Years before television, people loved to read novels and magazines to help pass the time. Magazines were usually 5 to 10 cents each, depending on the company that printed them. Many of these were printed in black and white, except for the cover, which was usually in color.
Similar to flour, sugar also came in huge five-pound bags, because women were cooking the majority of their food at home. Sugar was considered to be very expensive, and it was hard to keep for a long time because bugs could easily invade the bags. Because of this, most people reserved buying sugar for special occasions or went to a baker for their cakes.
Lipton tea has been around since the 1800s, and it is still going strong today. You could buy an entire pound of their tea for just a dollar. Even though coffee and tea were the same price-per-pound, many Americans opted to go with coffee. Of course, this originated from the Boston Tea Party. However, there were immigrants coming from Europe all the time, and people still continued to drink like their ancestors did. In the south, iced tea became a staple for every summer get-together.
In 1900, sour balls were some of the most popular hard candies in the United States. For a dollar, kids could get a huge 5-pound box. However, it is not very likely that children were given an entire dollar by their parents to get a sugary treat after school. Most general stores had penny candies, which meant that were kids could get 100 pieces of whatever variety they wanted for just $1.
In 1900, most women sewed their own clothes, so they needed to buy sewing patterns to help them. Sewing patterns range from basic dresses and shirts to complex patterns of the newest designs. At that time, it was cheaper to buy your own fabric and patterns than it was to go to the store and buy clothes. Today, with the dawn of “fast fashion”, it’s so much cheaper to just buy our clothes, instead. But in 1900, sewing patterns were typically around 15 cents each, but changed in price depending on how fancy or complicated a garment might be.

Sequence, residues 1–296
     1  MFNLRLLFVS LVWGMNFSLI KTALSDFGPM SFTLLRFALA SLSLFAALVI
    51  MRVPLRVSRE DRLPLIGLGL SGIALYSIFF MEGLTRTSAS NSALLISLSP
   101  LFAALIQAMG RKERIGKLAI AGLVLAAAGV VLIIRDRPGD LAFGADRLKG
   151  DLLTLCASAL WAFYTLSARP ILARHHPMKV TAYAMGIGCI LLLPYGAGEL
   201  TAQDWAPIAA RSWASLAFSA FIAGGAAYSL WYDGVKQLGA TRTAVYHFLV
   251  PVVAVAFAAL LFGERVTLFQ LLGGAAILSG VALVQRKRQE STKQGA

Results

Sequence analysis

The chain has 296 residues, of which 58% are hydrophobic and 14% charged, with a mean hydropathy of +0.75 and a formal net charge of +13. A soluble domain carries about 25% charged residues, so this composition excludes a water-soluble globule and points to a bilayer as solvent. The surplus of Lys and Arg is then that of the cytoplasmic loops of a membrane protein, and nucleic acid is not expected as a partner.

In the year 1900, professional milk men would go door-to-door delivering glass bottles of fresh milk to people’s homes. Since it was years before every person had a refrigerator in their house, this was completely necessary. People typically only purchased what they needed on a daily basis, instead of buying one gallon to last the week. Today, a gallon of milk is almost $4, but back in 1900, it was just a dollar.
Steak is one of the most expensive types of meat people can buy, but back in 1900, it was only $1 for seven and a half pounds. Even better, it was all organic, because this was years before factory farms. Despite its affordable price, the portion sizes of meat in the past were much smaller than the standard American diet of today. So, most families would not be spending an entire dollar at the butcher in one trip.
Today, it’s one dollar for a can of sweet corn that is just a few ounces. But in 1900, you could get a whopping 12 cans of corn that weighed 2 pounds each! This is an example of a really amazing deal that you cannot really come by today, after inflation. However, you would need to eat sweet corn all day, every day to finish that dollar’s worth.
There is a stereotype that potatoes are popular among poor people, and that’s for good reason. Back in 1900, you could buy 70 pounds of potatoes for $1. That’s a lot of potatoes! Since they can be mashed, fried, put into soups and so much more, potatoes are delicious and versatile food. They became a must-have in the standard American diet, and when you think about how much we still love french fries, things haven’t changed very much.
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